LYNDON B. JOHNSON: We're not ready to have a declaration of war, or war by executive order. We are trying every way we can to soup up what we've got and stabilize it. And to find some way to call upon people to help us preserve the peace and have some diplomatic programs and political programs instead of just sending out 20 extra planes [...] Now I have talked to the Congress and I'm telling you, it's gonna be very difficult to wage much more effort out there than we are with any of their approval.
ROBERT KENNEDY: Yes, I can see that.
LYNDON B. JOHNSON: Mansfield is just — you know, he's for pulling out. Humphrey said, "Well, we're not doing any good." The Frank Churches said, "We don't want any part of it." The Dick Russells and the twenty-odd in that group say, "We ought never to have ever been in there. And let's — The French found that out, and we didn't go along with the '54 accords. And what the hell are we doing in there anyway? And Dulles and Eisenhower got us in there and we oughtn't have stayed." Yet when you go to reason with 'em and say, "Well how in the world you gonna get out?" They'll say, "God, if some government would ask us to get out, it'd be wonderful." But it's saddening to talk to 'em about it [...] I think it's most — hottest thing we got on our hands and the most potentially dangerous.
ROBERT KENNEDY: I didn't want to, uh, put myself in there.
LYNDON B. JOHNSON: You put yourself in everything that you've ever been doing. Just forget that stuff now. I've told you that about three times. You're wanted and needed and, uh, we care. And we must have all the capacity we have, and all the experience [...] You're even needed more than you were. So, just handle it that way. Now, I wouldn't say it if I didn't mean that, and I don't need to say it. And I'd just say, "Much obliged, and thank you" if I didn't want it. I sincerely want it.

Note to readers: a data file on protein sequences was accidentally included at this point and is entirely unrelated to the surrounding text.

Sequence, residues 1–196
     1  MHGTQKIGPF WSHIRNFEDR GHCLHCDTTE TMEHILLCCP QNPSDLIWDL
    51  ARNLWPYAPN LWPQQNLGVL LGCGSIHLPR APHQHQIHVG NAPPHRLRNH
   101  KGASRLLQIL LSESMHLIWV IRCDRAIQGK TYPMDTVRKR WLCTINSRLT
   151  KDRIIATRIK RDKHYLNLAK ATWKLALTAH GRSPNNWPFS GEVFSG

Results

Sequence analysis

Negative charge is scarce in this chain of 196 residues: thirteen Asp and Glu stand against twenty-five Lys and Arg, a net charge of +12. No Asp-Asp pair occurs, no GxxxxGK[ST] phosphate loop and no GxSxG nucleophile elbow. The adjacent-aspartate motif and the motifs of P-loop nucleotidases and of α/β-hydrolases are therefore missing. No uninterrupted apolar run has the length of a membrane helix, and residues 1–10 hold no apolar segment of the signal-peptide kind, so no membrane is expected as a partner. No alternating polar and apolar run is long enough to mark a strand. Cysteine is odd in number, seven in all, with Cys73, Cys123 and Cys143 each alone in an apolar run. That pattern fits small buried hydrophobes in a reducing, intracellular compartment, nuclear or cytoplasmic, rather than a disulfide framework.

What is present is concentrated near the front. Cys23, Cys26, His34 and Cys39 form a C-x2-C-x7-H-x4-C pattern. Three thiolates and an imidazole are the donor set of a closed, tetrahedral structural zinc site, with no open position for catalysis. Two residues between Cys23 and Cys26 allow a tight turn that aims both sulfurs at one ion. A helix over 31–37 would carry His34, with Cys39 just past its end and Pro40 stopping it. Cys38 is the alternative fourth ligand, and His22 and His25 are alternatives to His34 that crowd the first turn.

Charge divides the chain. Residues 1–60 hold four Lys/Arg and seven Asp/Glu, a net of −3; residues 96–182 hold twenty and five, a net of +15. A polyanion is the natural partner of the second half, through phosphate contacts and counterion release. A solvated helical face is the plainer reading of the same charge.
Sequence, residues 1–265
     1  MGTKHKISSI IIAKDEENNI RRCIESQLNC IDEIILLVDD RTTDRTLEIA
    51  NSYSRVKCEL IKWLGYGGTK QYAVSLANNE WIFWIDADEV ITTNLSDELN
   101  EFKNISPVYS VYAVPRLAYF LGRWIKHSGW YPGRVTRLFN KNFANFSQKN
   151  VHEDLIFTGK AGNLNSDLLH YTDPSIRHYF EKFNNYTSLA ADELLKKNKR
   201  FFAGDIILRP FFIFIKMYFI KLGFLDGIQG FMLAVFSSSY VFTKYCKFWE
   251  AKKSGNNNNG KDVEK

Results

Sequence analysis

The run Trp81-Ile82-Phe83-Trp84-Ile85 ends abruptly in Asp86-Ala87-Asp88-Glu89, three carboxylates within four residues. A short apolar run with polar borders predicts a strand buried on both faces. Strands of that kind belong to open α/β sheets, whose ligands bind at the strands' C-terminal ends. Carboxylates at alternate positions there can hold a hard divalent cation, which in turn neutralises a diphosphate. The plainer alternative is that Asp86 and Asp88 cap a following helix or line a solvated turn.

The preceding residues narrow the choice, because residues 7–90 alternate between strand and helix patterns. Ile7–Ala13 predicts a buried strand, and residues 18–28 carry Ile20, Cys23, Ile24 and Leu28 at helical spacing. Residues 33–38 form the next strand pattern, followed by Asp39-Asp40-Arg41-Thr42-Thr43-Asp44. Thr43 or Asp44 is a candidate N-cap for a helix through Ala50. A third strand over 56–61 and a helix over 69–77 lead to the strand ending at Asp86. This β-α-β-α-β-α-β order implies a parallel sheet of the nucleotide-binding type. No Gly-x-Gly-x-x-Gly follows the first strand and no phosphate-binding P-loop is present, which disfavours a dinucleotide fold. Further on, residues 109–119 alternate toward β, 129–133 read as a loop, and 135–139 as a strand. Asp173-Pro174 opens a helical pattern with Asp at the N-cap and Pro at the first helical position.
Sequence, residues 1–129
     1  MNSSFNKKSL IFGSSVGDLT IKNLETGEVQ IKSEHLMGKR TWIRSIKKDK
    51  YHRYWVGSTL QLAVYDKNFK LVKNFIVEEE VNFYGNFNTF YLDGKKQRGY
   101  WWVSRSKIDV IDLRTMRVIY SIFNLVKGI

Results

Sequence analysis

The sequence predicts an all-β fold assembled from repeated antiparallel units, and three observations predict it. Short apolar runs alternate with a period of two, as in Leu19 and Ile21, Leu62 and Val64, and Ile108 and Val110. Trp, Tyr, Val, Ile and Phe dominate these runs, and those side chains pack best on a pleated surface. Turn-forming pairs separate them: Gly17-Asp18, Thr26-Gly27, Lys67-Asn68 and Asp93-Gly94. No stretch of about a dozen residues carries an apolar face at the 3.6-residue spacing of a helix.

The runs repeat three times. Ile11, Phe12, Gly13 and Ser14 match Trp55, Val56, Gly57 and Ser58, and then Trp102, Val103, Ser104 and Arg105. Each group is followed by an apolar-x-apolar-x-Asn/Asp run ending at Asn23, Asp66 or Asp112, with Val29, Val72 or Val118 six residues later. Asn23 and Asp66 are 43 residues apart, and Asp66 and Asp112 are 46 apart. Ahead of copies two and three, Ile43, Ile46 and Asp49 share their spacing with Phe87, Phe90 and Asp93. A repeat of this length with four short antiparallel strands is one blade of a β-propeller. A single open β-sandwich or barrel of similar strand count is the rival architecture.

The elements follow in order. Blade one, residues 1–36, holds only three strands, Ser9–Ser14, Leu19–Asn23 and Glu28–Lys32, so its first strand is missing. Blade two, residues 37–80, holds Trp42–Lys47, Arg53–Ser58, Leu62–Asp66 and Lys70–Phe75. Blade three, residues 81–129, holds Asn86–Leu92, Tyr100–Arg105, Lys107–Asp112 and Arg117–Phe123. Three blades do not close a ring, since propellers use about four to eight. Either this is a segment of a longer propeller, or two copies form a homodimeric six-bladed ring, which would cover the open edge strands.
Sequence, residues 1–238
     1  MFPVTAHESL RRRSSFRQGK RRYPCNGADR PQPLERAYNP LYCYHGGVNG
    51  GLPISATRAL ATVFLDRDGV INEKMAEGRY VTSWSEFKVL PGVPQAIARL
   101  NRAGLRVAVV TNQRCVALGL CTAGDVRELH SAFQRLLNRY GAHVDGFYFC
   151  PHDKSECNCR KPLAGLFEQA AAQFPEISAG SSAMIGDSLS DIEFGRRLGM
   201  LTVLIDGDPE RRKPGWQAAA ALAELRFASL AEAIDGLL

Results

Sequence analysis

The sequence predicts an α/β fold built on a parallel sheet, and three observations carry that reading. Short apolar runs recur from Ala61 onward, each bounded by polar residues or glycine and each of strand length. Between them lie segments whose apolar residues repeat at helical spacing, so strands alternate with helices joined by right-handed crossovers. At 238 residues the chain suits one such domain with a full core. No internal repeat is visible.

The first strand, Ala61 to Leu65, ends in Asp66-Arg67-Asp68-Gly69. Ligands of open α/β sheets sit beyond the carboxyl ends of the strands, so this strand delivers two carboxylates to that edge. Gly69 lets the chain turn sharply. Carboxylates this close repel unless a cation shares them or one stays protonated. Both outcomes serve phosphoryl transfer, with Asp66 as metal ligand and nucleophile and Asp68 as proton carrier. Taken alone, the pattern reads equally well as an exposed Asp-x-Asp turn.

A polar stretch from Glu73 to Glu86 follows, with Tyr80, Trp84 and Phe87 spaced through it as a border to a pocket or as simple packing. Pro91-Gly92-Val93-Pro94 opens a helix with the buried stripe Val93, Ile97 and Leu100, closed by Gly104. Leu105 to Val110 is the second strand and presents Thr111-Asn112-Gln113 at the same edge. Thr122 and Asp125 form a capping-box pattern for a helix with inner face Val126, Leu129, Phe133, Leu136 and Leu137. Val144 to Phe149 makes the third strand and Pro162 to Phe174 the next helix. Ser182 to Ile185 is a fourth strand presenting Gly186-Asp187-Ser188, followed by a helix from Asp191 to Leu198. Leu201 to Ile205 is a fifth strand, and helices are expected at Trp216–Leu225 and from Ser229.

BILL MOYERS: What LBJ doesn't welcome is the stream of stories from reporters in Vietnam undermining his efforts to keep the bad news there from influencing the election at home. He asks McNamara what's going on.
LYNDON B. JOHNSON: I've been trying to evaluate this thing. We haven't taken any real serious losses and we can't put our finger on anything that really justifies this acceleration of — and escalation of public sentiment that's going to hell in a hack since you were out there in March. Is that a build-up of our critics largely? Have we fed that? Where does it come from we're losing it? [...]
ROBERT MCNAMARA: The CIA estimators, Lodge, many of the rest of us in private would say that things are not good. They've gotten worse. And you see it in the desertion rate. You see it in the morale. You see it in the difficulty to recruit people. You see it in the gradual loss of population control. Now while we say this in private and not public, there are facts available in the public domain over there that find their way in the press. And I think this is one way that our people get this feeling of the fact that we're not moving ahead.
BILL MOYERS: Those reporters on the ground have it right. The president's middle path is nearing a dead end. Vietcong guerillas are spreading across the countryside while South Vietnamese soldiers are quitting the fight faster than Americans can train them.
The president tells McNamara of a memo he has received from Senate Majority Leader Mike Mansfield, a Democrat.